I wonder if animals feel the same way about this plant’s fruit as most humans I know. Either you love them or one is enough for the rest of your life. (I fall into the second category…but I hear there are tastier cultivars being developed) These green fruits with the large seeds and custard-like flesh are eaten by raccoons and other large mammals, including my husband. You won’t find these in supermarkets or even farm markets, they don’t travel well and when they are perfectly ripe they look perfectly rotten! You have to know where to find them or get a friend who knows. People are obsessed! There are even pawpaw festivals. Native to NY south to FL and west to OK and TX, they seem to be especially popular in Ohio. They are beautiful landscape trees, the only temperate species in a family of tropical plants. They will lend a tropical look to your garden, if you have a couple with different genetics you will get fruit and the deer don’t bother them at all. Plant a pawpaw (even if you don’t like the fruit, they’re worth it!)! When out and about in their range, take a look for them in well-drained bottomlands where this largest of native edible fruits forms large colonies.
Ugh! Before I knew about Bidens and other botanical hithchikers, I spent an afternoon with a colleague weeding some raised beds in a vacant lot converted to school garden in the middle of the city. We were pulling out weeds as tall as us and taking armfuls of the weeds to the back of the pickup. For hours we did this. It wasn’t until the end of the day that I realized that my flannel shirt now had this beautiful texture. Small brown seeds with evil little hooks had attached themselves to my shirt by the millions. For approximately 3 minutes I tried to pick these off my shirt and quickly realized I had neither the patience or inclination to sit there and pick hitchhikers all day. There happened to be burdocks in this garden as well, so I used my time productively to harvest some burdock seeds which I took back to the office and attached ever so gently (read: hurled across the office) to my coworkers’ sweaters. I mean I should’t be the only one suffering from this physical attachment of seeds to wardrobe.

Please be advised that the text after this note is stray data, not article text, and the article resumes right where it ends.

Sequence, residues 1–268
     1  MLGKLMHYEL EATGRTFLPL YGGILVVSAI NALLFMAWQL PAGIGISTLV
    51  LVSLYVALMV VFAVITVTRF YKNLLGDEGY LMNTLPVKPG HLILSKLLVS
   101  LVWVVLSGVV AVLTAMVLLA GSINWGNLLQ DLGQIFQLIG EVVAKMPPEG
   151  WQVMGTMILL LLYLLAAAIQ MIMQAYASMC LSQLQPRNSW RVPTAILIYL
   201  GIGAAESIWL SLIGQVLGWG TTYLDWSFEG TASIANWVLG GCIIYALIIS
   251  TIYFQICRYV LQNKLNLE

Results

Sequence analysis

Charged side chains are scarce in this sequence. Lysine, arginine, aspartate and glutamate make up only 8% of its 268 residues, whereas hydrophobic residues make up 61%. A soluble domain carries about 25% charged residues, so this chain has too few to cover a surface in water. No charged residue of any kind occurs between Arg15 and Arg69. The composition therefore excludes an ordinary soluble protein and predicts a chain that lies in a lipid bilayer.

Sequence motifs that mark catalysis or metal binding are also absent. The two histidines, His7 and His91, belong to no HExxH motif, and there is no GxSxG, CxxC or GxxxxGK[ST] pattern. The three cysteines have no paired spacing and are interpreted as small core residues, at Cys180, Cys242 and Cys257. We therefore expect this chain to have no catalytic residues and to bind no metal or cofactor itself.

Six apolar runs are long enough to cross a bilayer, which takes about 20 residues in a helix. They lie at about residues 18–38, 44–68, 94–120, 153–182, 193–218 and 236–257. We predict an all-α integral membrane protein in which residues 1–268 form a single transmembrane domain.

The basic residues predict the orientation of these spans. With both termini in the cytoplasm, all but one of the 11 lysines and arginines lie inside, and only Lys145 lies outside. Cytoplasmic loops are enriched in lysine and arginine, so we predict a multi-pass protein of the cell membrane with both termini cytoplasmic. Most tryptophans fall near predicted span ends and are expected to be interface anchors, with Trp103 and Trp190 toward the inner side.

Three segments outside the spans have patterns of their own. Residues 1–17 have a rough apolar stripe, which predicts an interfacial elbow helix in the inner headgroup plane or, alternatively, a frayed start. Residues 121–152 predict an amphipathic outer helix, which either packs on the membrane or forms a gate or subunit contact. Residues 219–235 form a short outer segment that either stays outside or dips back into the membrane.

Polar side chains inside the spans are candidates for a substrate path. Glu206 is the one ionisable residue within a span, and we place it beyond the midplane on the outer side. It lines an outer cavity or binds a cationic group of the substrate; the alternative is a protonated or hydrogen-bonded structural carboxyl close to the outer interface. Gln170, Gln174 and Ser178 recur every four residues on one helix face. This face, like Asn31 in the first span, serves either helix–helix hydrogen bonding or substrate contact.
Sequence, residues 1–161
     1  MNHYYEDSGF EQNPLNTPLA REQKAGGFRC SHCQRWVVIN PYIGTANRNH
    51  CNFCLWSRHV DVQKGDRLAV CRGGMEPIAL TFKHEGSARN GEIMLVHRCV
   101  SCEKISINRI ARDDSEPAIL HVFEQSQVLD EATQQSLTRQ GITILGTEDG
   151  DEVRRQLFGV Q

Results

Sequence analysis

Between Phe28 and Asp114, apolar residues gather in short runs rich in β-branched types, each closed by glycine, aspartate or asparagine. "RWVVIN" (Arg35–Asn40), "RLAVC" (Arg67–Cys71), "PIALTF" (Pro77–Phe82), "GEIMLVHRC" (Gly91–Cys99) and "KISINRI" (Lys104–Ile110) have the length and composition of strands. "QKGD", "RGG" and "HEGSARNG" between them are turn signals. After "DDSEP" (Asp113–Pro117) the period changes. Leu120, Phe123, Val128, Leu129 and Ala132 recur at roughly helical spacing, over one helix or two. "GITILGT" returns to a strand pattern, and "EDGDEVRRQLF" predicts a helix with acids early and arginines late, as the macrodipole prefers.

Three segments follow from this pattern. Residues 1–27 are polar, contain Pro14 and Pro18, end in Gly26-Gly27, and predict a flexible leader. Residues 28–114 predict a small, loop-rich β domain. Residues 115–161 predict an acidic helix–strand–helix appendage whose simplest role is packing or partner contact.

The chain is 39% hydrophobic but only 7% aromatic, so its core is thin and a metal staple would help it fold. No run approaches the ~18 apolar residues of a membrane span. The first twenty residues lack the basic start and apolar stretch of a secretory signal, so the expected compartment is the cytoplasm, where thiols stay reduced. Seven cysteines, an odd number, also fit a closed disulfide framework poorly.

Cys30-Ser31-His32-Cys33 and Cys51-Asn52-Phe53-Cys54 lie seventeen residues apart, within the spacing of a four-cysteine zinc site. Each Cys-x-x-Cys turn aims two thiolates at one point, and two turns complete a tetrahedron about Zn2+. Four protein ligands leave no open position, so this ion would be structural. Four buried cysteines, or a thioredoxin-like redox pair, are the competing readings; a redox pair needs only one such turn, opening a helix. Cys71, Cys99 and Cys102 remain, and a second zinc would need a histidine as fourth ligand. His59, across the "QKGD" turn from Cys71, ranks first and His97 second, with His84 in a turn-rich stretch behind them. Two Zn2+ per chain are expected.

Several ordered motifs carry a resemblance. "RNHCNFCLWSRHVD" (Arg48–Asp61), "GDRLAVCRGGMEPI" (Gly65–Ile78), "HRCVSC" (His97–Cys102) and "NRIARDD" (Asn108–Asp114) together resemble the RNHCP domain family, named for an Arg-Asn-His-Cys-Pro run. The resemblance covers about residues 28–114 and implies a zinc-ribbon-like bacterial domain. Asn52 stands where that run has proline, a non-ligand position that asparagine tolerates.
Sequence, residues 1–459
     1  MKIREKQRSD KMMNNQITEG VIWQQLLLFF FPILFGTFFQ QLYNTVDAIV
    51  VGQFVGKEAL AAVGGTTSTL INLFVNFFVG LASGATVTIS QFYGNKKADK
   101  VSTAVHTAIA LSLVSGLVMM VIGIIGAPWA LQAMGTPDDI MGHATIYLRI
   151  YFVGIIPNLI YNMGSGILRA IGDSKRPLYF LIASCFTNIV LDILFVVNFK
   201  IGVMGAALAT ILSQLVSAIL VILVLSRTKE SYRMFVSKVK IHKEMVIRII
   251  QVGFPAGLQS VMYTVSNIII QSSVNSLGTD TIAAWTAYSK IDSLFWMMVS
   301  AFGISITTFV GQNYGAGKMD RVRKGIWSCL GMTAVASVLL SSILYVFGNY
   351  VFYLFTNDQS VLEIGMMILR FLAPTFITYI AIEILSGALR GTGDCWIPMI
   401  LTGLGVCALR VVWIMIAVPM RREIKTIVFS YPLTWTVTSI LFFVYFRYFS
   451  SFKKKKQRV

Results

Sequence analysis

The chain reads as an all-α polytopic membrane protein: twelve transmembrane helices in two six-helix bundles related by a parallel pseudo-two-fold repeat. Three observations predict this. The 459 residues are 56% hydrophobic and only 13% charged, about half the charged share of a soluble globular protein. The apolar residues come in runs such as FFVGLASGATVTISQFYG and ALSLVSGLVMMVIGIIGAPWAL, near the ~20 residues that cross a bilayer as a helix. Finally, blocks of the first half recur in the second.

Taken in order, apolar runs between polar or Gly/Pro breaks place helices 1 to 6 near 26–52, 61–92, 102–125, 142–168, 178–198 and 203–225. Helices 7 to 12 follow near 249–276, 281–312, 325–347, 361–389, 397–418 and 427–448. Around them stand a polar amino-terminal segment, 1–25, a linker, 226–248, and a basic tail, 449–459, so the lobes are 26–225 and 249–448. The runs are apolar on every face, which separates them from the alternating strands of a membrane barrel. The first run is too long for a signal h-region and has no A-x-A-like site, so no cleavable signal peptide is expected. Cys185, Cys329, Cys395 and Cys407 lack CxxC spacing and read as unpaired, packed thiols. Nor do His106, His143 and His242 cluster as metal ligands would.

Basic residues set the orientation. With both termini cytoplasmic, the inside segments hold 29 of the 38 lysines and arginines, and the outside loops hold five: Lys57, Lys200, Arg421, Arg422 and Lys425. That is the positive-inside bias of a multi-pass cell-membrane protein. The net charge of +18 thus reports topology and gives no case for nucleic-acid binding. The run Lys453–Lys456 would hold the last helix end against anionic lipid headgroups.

The hitchhikers I encounter these days are more likely to be those of Enchanter’s Nightshade (Circaea lutetiana). A small summer-blooming woodland wildflower. Instead of being delicious and calling attention to their nutritional value and high sugar content by being brightly colored, these seeds choose to be annoying. Apparently, as I am sure various family members or coworkers have proven to you time and time again, being annoying seems to have some evolutionary advantage (What’s that saying about the squeaky wheel?) Those seeds have no way of discerning between the soft fur of deer and chipmunk and my camera strap or woolen socks, so they indiscriminately hitch a ride on whatever they will stick to and land where they will, on a quest for a suitable place to overwinter and germinate into the next generation of plants that will tick off the bushwhacking hiker.